Hunger in the news

21 May 2009

"After this, I quit!" says my colleague Lin, and he is only half joking. He takes the Buddha image that hangs around his neck and raises it to the sky in silent prayer. (..) After an hour or so we reach the MAG team. They have just finished clearing the path we have walked on. It is to be widened into a road big enough for vehicles, to be built by MAG's development partner the World Food Programme.

1 April 2009

The United Nations World Food Programme (WPF) opened on 25 March a new office in Saravane province for southern provinces of Laos. Among the guest at the opening ceremony were Mr. Khamboun Douangpanya, Governor of Saravane province, Mrs. Kharin Manente, Director of the WPF in Vientiane and high ranking officials concern from all departments in the province.

19 March 2009

Despite all the promises of development, and the promotion of other crops such as tea, asparagus and rubber, switching out of poppies had left most farmers in Myanmar and Laos worse off, even before the current global downturn. UNODC and the Laotian government had to appeal to the World Food Programme (WFP) for emergency food aid. More than half the 2,058 villages in the provinces of Phongsaly, Houaphan and Xieng Khouang, most of which had been put under pressure to abandon opium, were short of food. A former WFP representative in Vientiane, Christa Rader, concludes that massive development programmes will be needed to help former opium-growers find other ways of making ends meet.

18 March 2009

The Lao People's Democratic Republic is classified as a Least Developed Country (LDC) and Low Income Food Deficit Country (LIFDC). The United Nations World Food Programme (WFP) has been successfully running a school feeding program since 2002, in close cooperation with the Lao Ministry of Education. [...] We talk about education and school feeding in the Lao People's Democratic Republic (PDR) with Ms Karin Manente, WFP country director in Vientiane.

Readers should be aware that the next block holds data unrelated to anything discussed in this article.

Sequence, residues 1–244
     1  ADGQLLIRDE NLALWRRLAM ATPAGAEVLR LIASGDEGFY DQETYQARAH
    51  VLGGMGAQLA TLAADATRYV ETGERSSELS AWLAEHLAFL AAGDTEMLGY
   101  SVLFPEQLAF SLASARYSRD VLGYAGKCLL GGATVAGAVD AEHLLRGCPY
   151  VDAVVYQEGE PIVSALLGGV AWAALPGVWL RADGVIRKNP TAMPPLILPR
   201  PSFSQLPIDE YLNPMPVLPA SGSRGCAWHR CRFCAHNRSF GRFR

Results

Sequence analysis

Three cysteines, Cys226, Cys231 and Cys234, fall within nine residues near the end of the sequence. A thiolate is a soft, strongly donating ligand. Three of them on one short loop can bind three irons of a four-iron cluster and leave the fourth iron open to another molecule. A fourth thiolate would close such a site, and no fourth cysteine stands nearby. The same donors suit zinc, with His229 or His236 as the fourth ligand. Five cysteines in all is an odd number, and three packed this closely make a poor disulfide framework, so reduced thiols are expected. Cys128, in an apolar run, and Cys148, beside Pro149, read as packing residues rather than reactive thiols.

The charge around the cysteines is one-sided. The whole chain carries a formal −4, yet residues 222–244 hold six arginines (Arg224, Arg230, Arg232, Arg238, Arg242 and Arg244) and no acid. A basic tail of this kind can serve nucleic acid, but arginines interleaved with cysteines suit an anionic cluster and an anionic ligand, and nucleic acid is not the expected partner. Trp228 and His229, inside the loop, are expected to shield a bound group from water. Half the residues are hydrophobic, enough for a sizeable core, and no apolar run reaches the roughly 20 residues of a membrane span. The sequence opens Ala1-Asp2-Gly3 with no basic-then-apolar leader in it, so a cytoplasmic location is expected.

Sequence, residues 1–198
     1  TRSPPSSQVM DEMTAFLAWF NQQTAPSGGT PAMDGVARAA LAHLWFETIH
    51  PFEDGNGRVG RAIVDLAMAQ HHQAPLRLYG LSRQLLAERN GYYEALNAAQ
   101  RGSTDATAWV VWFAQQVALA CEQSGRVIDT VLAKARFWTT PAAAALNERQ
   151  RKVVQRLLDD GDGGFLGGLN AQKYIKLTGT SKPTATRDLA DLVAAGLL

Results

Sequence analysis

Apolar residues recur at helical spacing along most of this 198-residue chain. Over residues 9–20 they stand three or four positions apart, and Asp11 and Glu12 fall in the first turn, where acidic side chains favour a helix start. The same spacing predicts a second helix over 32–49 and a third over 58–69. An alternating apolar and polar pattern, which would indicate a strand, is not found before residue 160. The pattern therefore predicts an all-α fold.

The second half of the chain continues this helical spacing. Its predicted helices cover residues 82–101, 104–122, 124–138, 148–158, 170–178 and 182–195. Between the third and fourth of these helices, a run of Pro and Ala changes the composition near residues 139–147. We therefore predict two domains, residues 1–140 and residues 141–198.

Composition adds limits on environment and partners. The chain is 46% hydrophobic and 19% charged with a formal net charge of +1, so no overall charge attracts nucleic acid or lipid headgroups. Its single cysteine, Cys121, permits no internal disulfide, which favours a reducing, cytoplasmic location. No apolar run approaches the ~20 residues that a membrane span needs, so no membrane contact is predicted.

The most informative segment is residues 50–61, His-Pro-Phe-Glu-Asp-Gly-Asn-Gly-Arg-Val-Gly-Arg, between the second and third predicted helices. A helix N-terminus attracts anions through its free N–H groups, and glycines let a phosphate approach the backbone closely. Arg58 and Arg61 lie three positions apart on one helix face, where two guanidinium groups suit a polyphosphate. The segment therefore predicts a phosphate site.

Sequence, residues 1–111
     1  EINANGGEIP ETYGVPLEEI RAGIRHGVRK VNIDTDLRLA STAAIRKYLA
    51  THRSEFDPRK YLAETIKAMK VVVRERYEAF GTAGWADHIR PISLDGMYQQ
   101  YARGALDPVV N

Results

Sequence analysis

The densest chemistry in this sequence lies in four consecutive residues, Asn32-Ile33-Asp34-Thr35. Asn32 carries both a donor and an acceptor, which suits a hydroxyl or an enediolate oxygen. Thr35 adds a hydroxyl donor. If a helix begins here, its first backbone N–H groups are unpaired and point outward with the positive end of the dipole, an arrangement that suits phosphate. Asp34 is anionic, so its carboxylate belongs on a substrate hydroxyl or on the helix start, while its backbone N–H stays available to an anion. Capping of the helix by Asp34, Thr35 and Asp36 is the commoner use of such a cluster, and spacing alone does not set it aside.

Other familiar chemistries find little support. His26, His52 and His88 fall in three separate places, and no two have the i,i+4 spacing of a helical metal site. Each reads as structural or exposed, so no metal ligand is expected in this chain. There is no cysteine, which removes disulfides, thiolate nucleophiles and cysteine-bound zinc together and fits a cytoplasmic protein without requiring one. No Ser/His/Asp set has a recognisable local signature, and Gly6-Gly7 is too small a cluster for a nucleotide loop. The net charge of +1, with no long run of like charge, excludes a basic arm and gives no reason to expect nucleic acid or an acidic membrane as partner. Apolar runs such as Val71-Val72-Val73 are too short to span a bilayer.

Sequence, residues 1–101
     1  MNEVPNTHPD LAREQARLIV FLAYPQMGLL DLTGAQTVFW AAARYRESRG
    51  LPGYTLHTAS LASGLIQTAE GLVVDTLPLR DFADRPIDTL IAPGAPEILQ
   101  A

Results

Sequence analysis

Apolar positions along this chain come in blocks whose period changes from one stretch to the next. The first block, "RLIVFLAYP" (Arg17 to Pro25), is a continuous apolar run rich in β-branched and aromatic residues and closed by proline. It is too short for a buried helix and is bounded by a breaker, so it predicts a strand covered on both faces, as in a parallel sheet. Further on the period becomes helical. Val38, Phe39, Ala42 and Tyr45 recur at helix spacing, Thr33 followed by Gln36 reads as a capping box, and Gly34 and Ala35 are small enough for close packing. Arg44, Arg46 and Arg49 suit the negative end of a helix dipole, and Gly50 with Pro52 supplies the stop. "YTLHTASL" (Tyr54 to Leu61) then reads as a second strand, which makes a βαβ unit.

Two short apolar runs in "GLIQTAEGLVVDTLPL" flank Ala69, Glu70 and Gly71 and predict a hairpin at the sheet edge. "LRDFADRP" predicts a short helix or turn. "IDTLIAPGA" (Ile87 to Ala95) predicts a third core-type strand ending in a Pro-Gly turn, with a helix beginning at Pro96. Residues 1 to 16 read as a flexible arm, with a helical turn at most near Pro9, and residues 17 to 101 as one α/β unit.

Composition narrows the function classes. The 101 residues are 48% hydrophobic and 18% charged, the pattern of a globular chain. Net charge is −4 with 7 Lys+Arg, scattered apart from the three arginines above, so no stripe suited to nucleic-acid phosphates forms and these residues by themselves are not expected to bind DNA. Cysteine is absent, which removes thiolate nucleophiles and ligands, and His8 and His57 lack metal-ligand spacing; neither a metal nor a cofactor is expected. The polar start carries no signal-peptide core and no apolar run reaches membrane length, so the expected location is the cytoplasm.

5 March 2009

Red and white opium poppies are back in colourful profusion once again, expanding across the mountainous landscapes of northern Laos after several years of intensive poppy eradication. Illicit cultivation is also on the rise in the Shan states of Burma. UN drug officials are alarmed that the effect of the global economic crisis on the value of cash crops is tempting impoverished hill farmers to return to growing the one crop that offers stable financial returns. [...] The wisdom and sustainability of UN's anti-opium strategy has been consistently challenged by NGOs, development workers and academics. Dr David Feingold, an anthropologist and expert on the Akha hill tribe says: "The opium eradication policy in Laos was both poorly conceived and poorly executed." Without viable alternatives, former opium farmers became destitute and dependent on emergency food aid from the UN's World Food Programme (WFP). Given that the UN millennium objectives are all about enhancing food security, the hastily implemented campaign against opium cultivation had achieved just the opposite.